Andrew Mentzer, executive director of the West Central Mountains Economic Development Council in McCall, said his region started a new collaborative last year because it had lost two child care centers, “which has had a huge effect on our local economy and our local families.”

Businesses were reporting they were losing employees because they couldn’t find child care. “We’re currently deficient by about 400 spaces in a very small region, which is really impactful,” Mentzer said. “And the effort is 100% locally built and locally delivered.”

The project is focused on supporting new child care providers in the area with career and technical training and other resources to help them succeed. Its new program manager, who just came on board last week, has close ties to local churches, child care providers and school districts. “It’s really, at the end of the day, a grass-roots community effort,” Mentzer said.

He added, “And the suggestion by the Idaho Freedom Foundation that we’re going to indoctrinate certain realities, some agenda externally, is completely false.”

Amador said a Freedom Foundation researcher attacked something it called the “Early Learning Institute” that it identified as a national group with motives it questioned, but the grant has nothing to do with that organization; there are numerous organizations with that name. In the case of the grant program, Early Learning Institute is the name for an initiative developed as part of the collaborative project in Idaho that Rep. Laurie Lickley, R-Jerome, co-sponsor of the legislation, said is “a series of educational awareness opportunities that are offered forward to parents, grandparents, librarians, child care providers and other interested partners.”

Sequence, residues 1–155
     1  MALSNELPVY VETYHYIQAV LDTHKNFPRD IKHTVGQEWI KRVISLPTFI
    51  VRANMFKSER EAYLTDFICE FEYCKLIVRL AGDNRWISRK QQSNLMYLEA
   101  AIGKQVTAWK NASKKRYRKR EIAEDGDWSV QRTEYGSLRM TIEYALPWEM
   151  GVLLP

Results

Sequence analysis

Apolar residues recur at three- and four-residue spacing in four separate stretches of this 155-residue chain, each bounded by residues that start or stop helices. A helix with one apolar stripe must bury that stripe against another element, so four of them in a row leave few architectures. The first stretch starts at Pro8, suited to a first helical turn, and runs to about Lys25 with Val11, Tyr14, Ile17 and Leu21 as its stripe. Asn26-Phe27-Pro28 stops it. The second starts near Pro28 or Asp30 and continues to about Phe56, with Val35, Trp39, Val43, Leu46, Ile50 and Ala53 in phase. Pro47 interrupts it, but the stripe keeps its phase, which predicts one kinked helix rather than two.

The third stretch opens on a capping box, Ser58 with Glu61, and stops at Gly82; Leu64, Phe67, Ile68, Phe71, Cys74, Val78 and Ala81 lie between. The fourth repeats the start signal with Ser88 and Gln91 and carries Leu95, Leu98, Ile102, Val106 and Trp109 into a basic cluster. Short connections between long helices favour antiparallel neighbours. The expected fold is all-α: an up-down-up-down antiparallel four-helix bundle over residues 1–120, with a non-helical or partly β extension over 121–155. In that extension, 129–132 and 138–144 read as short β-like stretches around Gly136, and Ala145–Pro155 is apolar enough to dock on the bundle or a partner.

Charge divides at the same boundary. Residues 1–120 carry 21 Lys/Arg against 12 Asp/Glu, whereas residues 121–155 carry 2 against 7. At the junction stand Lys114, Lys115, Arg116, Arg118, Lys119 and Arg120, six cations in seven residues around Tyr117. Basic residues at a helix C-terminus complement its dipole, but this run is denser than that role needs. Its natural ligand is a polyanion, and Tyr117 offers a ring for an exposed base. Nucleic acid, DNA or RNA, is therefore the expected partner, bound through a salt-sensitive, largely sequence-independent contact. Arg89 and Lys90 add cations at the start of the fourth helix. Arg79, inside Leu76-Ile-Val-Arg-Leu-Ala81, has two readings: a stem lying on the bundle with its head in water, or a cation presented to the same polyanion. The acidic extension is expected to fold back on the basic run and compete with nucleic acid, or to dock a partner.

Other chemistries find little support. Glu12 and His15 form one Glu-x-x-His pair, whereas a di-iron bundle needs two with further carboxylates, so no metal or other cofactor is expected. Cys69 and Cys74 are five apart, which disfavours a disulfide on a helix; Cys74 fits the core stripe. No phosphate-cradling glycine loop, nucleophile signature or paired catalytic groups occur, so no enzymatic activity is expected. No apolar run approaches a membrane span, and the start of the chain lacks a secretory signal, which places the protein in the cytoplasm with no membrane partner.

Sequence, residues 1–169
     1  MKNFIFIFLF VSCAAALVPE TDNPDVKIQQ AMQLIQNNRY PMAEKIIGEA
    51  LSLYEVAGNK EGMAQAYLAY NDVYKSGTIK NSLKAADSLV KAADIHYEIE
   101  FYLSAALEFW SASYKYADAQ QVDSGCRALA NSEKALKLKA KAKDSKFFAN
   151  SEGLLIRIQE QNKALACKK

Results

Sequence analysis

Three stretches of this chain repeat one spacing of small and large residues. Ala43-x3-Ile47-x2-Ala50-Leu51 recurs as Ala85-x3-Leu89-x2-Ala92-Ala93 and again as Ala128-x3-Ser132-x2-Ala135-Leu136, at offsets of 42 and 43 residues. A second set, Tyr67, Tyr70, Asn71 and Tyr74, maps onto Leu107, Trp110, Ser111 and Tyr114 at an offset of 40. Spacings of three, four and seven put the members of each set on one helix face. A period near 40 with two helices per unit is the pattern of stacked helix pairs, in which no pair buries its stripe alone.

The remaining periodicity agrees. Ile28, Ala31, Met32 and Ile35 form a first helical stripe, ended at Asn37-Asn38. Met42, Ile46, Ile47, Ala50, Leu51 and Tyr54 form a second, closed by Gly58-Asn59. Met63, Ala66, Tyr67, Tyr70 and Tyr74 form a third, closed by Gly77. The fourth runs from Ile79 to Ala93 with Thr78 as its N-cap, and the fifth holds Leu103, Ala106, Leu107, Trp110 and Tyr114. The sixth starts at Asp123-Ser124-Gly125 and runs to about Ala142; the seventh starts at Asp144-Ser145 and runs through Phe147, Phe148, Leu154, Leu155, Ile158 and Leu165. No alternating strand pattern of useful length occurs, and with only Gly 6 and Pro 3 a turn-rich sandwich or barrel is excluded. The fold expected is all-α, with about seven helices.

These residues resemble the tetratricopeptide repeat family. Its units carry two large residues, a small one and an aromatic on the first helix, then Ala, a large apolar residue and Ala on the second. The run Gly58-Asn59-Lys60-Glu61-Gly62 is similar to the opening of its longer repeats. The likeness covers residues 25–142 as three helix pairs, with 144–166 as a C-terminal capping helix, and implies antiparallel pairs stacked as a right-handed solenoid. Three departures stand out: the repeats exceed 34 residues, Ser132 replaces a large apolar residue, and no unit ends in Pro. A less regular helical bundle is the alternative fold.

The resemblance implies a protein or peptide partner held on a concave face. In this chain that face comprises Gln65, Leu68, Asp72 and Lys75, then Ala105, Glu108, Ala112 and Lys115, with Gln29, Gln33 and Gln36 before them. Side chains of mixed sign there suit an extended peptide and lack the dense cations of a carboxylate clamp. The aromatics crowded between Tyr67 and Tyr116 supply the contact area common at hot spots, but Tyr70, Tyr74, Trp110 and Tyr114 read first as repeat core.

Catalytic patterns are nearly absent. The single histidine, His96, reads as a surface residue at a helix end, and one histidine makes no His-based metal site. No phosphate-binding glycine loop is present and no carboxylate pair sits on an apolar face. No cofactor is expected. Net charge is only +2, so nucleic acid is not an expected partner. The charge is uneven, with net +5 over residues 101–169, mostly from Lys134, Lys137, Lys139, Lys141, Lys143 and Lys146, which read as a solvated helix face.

So far, it’s offered three online webinars on children’s developmental milestones, understanding trauma and its impact on early learning, and promoting early literacy.

Lickley said, “We really have an eye toward making our children ready for school and literate.”

Several of the collaboratives started locally long before the grant came into play. In American Falls, the local school superintendent, worried that families with young children weren’t spending enough quality time together, launched the “Read-Talk-Play Every Day” initiative about six years ago. Tenille Call, a teacher and the early-learning coordinator for the schools, said it was designed “to promote the importance of parents spending time reading to their children, talking to their children, and connecting with their children by playing with their children every day.”